FRAMINGHAM – A trio of individuals received a 2017 Preservation Achievement Award from the Framingham Historical Commission Thursday night, May 25 at the Edgell Grove Cemetery Chapel for preserving the Dr. Peter Park House on Salem End Road.
Perhaps one of Framingham’s most notable residents, Dr. Peter Parker (1804-1888) served as a religious and medical missionary for many years in China. A graduate of Framingham Academy, Dr. Parker attended Yale University, graduating with degrees in theology (1833) and medicine (1834). He spent 23 years in China, working first as a missionary and later as a diplomat, and simultaneous to both as a medical doctor. Dr. Parker and his wife Harriet Webster Parker built the house in the late 1860s, to serve as their summer residence while they lived in Washington, DC, said Framingham Town Historian Fred Wallace Thursday night.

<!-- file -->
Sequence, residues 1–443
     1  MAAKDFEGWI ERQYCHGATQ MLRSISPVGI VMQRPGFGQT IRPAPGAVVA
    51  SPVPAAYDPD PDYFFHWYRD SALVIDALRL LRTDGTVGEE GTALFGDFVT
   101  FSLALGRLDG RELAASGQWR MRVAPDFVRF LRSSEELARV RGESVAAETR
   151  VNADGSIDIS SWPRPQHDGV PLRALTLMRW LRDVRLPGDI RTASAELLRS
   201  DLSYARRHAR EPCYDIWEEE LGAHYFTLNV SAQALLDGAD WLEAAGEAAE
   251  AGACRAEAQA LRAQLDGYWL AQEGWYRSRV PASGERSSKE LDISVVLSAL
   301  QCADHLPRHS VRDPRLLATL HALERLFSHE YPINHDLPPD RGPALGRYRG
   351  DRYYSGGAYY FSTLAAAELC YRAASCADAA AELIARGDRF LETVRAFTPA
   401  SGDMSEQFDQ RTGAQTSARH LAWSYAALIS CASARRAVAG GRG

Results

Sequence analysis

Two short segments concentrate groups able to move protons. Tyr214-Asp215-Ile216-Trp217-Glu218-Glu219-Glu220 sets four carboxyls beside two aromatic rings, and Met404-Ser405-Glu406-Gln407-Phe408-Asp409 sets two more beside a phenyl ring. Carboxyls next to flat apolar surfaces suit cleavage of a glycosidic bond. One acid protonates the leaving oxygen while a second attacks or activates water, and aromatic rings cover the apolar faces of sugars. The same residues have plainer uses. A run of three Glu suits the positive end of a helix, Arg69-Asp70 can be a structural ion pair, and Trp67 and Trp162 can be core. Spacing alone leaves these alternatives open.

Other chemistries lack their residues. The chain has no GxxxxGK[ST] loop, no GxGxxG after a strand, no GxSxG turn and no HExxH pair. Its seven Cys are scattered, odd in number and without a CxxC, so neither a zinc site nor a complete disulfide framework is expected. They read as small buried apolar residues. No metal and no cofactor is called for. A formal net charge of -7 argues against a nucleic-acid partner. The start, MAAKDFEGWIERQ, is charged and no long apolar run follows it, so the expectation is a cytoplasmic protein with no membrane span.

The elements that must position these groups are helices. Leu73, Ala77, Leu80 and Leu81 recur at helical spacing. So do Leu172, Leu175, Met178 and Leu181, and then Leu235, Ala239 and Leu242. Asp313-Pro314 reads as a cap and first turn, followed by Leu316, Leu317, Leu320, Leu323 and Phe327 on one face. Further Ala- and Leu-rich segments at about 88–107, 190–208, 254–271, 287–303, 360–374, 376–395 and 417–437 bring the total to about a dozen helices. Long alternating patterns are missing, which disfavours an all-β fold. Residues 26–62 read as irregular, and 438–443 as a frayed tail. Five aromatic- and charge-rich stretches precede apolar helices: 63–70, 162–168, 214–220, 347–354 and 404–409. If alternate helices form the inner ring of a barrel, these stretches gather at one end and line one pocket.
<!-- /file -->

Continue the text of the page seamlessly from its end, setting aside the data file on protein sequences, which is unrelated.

The house was constructed on the site of the Parker family homestead where Dr. Parker had been born.
The Italianate style building suffered from inappropriate alterations in the middle of the 20th Century, including the removal of a large tower on the building.
In 2007 and 2008, owners Thomas Schuetz and Joan Petracca, with the assistance of architect Gerald Couto, AIA, worked to restore the building.
They removed siding and later additions, using historic photographs of the house to restore features such as the window placement, trim, and porches. Advocates, Inc.
Schuetz and Petracca accepted their award on Thursday night.